You can add any number of database views representing a given resource model either for export, or to connect directly to a GIS client such as QGIS or ArcGIS. When writing a view to support shapefile export be sure that your view does not violate any shapefile restrictions. For example, shapefile field names are limited to 10 characters with no special characters and text fields cannot store more than 255 characters.

If you plan to use the arches export command to export your view as a shapefile, you also need to be sure that your view contains 2 fields: geom with the geometry representing your resource instance’s location and geom_type with the postgis geometry type of your geom column.

To write your view, you should start by getting a mapping file for your resource. You can do that by going to the Arches Designer page and then in the manage dropdown of your resource model select Create Mapping File. A zip file will be downloaded and within that file you will find your .mapping file. This file lists all the ids that you will need to design your view.

Below is an example of a simple resource model view. If a resource instance has a tile with geojson saved to it, that tile will be represented as a record in the view along with the corresponding nodeid and tileid. A unique id (gid) is assigned to each row. If a node has more than one geometry, the geometries are combined into a multipart geometry. If a node has more than one geometry of different types, a record will be created for each type. The UUID (ab74af76-fa0e-11e6-9e3e-026d961c88e6) in the last line of this this example is the id of the view’s resource model.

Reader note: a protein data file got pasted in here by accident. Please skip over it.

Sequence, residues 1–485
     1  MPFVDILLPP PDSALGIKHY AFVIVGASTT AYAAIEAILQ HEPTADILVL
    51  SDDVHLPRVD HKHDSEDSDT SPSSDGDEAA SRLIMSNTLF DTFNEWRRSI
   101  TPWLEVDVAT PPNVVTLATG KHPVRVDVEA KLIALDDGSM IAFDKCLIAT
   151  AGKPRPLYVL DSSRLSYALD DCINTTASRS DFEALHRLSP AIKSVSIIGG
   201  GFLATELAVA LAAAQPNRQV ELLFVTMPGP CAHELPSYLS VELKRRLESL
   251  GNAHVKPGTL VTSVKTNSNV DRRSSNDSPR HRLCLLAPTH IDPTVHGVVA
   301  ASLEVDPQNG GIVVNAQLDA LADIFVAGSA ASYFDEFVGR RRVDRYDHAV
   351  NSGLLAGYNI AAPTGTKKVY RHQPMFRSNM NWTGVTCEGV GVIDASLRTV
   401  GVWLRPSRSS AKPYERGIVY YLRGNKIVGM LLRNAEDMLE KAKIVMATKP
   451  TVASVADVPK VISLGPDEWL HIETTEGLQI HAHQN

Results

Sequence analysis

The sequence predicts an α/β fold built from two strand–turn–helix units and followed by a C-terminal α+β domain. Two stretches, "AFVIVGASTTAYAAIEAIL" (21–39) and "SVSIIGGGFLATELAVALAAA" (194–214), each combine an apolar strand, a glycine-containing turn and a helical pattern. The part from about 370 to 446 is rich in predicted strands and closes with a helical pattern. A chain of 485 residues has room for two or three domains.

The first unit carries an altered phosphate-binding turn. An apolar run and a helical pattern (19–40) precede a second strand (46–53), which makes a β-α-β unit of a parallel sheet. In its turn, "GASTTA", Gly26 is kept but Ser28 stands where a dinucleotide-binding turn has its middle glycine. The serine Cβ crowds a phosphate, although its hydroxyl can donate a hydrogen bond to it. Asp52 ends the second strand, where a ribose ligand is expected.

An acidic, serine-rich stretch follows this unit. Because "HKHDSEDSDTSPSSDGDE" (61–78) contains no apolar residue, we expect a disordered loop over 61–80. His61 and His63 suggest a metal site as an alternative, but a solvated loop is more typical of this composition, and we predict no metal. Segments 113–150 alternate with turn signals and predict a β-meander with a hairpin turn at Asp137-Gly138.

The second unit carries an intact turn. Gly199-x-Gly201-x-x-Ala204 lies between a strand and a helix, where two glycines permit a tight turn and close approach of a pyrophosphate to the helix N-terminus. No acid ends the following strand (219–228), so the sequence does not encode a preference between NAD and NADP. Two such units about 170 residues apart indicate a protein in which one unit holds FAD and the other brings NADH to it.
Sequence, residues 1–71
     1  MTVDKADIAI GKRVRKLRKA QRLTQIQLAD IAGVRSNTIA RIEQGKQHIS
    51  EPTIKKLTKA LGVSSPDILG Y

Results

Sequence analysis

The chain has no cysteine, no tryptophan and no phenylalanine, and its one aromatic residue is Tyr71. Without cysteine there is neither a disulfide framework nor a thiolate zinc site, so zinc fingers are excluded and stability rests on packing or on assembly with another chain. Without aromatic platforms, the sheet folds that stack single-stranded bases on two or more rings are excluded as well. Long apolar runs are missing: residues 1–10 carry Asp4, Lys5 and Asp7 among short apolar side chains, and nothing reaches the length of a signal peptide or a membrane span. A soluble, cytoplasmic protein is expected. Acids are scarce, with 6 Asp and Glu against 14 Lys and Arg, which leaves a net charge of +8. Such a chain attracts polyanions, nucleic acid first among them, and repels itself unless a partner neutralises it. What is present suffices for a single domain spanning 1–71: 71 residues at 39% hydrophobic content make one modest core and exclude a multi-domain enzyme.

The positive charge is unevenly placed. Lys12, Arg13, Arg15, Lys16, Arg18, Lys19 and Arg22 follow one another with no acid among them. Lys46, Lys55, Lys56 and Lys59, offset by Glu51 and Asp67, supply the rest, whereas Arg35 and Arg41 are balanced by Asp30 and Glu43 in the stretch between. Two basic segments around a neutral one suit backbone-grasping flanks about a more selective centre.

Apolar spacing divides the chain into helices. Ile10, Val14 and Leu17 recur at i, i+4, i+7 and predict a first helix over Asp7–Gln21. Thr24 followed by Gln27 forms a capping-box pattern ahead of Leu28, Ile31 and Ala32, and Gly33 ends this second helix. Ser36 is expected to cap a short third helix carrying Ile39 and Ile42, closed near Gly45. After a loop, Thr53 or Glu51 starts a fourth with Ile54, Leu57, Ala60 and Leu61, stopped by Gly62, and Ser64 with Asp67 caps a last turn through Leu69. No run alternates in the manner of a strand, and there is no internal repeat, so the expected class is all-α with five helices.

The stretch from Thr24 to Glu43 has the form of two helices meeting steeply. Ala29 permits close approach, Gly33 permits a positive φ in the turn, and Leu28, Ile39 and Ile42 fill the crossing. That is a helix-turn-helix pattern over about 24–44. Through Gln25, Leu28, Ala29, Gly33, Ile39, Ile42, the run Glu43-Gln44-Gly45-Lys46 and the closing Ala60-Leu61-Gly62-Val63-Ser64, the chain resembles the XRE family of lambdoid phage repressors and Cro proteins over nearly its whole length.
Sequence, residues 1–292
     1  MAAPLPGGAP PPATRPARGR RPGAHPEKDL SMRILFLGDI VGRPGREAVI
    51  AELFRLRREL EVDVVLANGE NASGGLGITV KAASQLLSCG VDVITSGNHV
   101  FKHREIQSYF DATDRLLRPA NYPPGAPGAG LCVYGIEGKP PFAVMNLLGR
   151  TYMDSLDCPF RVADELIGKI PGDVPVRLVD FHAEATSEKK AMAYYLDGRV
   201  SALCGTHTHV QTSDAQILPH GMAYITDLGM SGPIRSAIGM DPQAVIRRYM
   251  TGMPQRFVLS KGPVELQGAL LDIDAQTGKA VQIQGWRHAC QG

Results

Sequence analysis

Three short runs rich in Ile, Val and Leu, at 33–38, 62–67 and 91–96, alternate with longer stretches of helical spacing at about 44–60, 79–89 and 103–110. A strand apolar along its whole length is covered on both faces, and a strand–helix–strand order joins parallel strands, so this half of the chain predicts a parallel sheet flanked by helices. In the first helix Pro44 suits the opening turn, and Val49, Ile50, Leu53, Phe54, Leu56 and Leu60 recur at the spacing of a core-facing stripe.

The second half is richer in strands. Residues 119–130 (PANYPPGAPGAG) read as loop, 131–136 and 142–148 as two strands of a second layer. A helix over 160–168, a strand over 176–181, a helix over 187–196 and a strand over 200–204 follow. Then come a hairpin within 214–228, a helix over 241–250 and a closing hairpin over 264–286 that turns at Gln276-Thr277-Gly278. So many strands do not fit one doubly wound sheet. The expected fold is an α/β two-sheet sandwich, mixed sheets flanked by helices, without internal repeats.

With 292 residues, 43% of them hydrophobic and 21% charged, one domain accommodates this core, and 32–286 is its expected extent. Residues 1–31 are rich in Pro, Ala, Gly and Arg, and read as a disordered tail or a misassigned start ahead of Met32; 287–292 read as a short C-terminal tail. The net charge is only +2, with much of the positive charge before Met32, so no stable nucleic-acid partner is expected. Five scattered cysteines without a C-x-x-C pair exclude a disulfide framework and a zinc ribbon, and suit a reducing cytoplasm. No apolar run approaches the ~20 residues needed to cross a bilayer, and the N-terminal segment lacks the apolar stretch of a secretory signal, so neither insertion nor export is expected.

1. When creating your own view, you will need to replace this UUID with your own resource model’s id. You can find this UUID in your mapping file assigned to the property: resource_model_id.

    CREATE OR REPLACE VIEW vw_monuments_simple AS
    WITH mv AS (SELECT tileid, resourceinstanceid, nodeid, ST_Union(geom) as geom, ST_GeometryType(geom) AS geom_type
    FROM mv_geojson_geoms
    GROUP BY tileid, nodeid, resourceinstanceid, ST_GeometryType(geom))
    SELECT row_number() OVER () AS gid,
        mv.resourceinstanceid,
        mv.tileid,
        mv.nodeid,
        ST_GeometryType(geom) AS geom_type,
        geom
    FROM mv
    WHERE (SELECT graphid FROM resource_instances WHERE mv.resourceinstanceid = resourceinstanceid) = 'ab74af76-fa0e-11e6-9e3e-026d961c88e6'
    
  2. Here is a more complete example which includes columns with tile data:

    CREATE OR REPLACE VIEW vw_monuments AS
    WITH mv AS (select tileid, resourceinstanceid, nodeid, ST_Union(geom) AS geom, ST_GeometryType(geom) AS geom_type
    FROM mv_geojson_geoms
    GROUP BY tileid, nodeid, resourceinstanceid, ST_GeometryType(geom))
    SELECT
        row_number() over () AS gid,
        mv.resourceinstanceid,
        mv.tileid,
        mv.nodeid,
        ST_GeometryType(geom) AS geom_type,